Shared parenting, shared residence, joint residence, shared custody, and joint physical custody, all refers to a child custody arrangement after divorce or separation, in which both parents share the responsibility of raising their child(ren), with equal or close to equal parenting time. A regime of shared parenting is based on the idea that children have the right to and benefit from a close relationship with both their parents, and that no child should be separated from a parent. Shared parenting is increasing in popularity and it is particularly common in Scandinavia.
The term Shared Parenting is applied in cases of divorce, separation or when parents do not live together; in contrast, a Shared Earning/Shared Parenting Marriage is a marriage where the partners choose to share the work of child-raising, earning money, house chores and recreation time in nearly equal fashion across all four domains. Shared parenting is different from split custody, where some children live primarily with their mother while one or more of their siblings live primarily with their father.
Bird's nest custody is an unusual form of shared parenting where the child always lives in the same home, while the two parents takes turns living with the child in that home. Its long term use can be expenses as it requires three residences, and it is most commonly used as a temporary shared parenting arrangement until one parent has found a suitable home elsewhere.
In a comparative survey of 34 western countries conducted in 2005/06, the proportion of 11-15 year old children living in a shared parenting arrangement versus sole custody was highest in Sweden (17%), followed by Iceland (11%), Belgium (11%), Denmark (10%), Italy (9%) and Norway (9%). Ukraine, Poland, Croatia, Turkey, the Netherlands and Romania all had 2% or less. Among the English speaking countries, Canada and the United Kingdom had 7% while the United States and Ireland had 5%. By 2016/17, the percentage in Sweden had increased to 28%; with 26% for children age 0-5 years, 34% among the 6-12 year old age group, and 23% among the oldest children ages 13-18.
Epidemiological studies on the effect of shared parenting on children has been conducted using both cross-sectional and longitudinal study designs. Their conclusions are that children with a shared parenting arrangement have better physical, mental, social and academic outcomes compared to children in a primary parenting arrangement. These finding holds for all age groups, whether the parents have an amicable or high-conflict relationship, and after adjusting for socio-economic variables.
With its early adoption of shared parenting and excellent health data, the largest studies on shared parenting have been conducted in Sweden. In a large cross-sectional study comparing over 50,000 children, ages 12 and 15, living in either a shared or sole custody arrangement, Dr. Malin Bergström found that children with shared parenting had better outcomes for physical health, psychological well-being, moods and emotions, self-perception, autonomy, parental relations, material outcomes, peer relations, school satisfaction and social acceptance. Using data from the same cross-sectional survey, Bergström did a follow-up study focusing on psychosomatic problems of concentration, sleeping, headaches, stomache aches, tenseness, lack of appetite, sadness and dizziness. They found that both boys and girls did better living in a shared parenting versus sole custody arrangement. Both studies adjusted for selected socio-economic variables.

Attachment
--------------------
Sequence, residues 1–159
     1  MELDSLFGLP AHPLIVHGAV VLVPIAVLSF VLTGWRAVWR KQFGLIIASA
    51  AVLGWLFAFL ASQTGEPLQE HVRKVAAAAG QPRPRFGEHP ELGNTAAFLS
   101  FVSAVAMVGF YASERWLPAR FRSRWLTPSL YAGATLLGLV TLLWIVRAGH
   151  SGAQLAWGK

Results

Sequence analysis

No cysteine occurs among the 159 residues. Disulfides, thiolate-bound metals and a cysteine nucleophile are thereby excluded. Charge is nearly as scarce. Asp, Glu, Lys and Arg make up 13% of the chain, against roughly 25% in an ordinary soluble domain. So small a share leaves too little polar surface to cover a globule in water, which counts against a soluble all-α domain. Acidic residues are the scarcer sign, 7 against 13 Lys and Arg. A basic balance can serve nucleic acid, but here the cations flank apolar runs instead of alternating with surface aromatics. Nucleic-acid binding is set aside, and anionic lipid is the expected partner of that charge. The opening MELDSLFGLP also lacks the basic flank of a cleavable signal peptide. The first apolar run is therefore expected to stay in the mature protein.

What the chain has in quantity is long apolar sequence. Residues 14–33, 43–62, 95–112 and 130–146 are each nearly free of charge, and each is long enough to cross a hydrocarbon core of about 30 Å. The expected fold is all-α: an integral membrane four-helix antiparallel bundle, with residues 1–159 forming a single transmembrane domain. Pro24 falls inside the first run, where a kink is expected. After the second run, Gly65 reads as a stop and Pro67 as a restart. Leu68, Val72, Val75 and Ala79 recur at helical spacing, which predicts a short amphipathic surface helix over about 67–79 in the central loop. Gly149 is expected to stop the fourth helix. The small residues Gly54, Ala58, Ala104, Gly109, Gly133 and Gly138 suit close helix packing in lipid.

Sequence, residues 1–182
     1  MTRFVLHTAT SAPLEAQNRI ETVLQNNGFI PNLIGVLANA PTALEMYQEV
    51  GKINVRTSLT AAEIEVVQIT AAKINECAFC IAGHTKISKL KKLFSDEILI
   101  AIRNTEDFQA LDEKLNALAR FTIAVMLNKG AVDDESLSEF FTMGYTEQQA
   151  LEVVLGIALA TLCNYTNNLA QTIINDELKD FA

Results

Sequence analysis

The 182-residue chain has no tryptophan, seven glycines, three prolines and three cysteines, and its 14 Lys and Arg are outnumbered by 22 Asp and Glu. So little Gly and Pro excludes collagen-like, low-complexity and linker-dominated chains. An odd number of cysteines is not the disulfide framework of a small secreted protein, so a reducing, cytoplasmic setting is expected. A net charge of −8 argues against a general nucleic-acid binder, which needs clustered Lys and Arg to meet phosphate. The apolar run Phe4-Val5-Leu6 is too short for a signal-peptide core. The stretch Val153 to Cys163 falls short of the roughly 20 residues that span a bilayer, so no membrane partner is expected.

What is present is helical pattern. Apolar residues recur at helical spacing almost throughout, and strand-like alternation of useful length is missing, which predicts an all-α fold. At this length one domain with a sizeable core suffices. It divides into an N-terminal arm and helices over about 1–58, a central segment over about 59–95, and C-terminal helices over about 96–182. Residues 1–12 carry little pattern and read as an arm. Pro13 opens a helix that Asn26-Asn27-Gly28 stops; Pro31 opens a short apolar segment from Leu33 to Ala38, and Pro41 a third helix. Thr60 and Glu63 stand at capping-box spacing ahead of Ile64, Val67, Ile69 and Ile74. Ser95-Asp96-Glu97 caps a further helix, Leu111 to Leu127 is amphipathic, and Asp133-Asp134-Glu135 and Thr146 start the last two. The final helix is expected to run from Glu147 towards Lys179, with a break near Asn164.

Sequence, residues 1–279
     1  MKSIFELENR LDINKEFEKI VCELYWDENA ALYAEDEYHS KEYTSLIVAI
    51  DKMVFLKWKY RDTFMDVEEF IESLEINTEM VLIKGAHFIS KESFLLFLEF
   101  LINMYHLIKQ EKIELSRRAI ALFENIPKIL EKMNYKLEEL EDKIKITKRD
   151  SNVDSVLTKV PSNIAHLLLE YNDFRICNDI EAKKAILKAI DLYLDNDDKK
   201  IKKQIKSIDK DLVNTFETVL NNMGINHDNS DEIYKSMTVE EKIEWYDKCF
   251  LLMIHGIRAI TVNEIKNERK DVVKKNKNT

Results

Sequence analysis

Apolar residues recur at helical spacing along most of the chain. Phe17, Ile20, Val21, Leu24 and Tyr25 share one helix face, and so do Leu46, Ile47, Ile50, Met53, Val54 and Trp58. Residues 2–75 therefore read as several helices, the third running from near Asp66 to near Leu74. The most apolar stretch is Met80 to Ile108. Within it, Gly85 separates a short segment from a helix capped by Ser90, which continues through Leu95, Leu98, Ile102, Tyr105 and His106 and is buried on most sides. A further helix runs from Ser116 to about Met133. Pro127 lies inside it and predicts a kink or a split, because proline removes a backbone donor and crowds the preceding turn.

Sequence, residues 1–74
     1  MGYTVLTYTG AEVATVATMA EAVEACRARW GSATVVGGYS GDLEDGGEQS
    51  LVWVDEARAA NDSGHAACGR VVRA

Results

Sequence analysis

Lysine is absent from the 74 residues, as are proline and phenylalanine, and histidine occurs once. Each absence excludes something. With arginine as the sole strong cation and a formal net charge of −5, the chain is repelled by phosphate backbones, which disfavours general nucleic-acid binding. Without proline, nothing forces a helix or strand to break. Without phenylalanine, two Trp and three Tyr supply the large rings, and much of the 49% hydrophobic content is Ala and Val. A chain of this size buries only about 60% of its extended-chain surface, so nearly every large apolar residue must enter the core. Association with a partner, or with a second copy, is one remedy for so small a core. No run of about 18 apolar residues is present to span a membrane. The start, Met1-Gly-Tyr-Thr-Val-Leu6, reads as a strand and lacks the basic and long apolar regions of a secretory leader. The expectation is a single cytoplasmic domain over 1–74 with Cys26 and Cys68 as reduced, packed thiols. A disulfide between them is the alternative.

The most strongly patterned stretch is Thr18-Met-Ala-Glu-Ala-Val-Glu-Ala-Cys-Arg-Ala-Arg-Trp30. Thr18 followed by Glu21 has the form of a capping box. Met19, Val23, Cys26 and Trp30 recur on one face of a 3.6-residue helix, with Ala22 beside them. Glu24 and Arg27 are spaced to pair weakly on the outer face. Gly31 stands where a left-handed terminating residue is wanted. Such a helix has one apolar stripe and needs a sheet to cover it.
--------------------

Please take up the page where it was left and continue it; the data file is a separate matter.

Based on a review of 60 quantitative research studies, Dr. Linda Nielsen found that in 34 of the studies, children in a shared parenting arrangement had better outcomes on all measured variables for well-being. In 14 studies, they had better or equal outcomes on all measures; in 6 studies that had equal outcomes on all measures; and in 6 studies that had worse outcomes on one measure and equal or better outcomes on the remaining measures. The results were similar for the subset of studies that adjusted for socio-economic variables and the level of conflict between parents. The variables for which shared parenting had the biggest advantage were family relationships, physical health, adolescent behavior and mental health, in that order. The variable with the smallest difference was academic achievement, for which only 3 out 10 studies showed an advantage for shared parenting. Among other things, Nielsen has concluded that Maintaining strong relationships with both parents by living in shared parenting families appears to offset the damage of high parental conflict and poor co-parenting and that such parents are more likely to have detached, distant, and parallel parenting relationships than to have co-parenting relationships.
To fully understand the reasons for findings from quantitative epidemiological studies, biological and qualitative research is needed. Dr. Anna Machin has studied father-child relationships using evolutionary anthropology, asserting that human fatherhood would not have emerged unless the investment that fathers make in their children is vital for the survival of our species, and that just like mothers, fathers have been shaped by evolution to be biologically, psychologically and behaviourally primed to parent.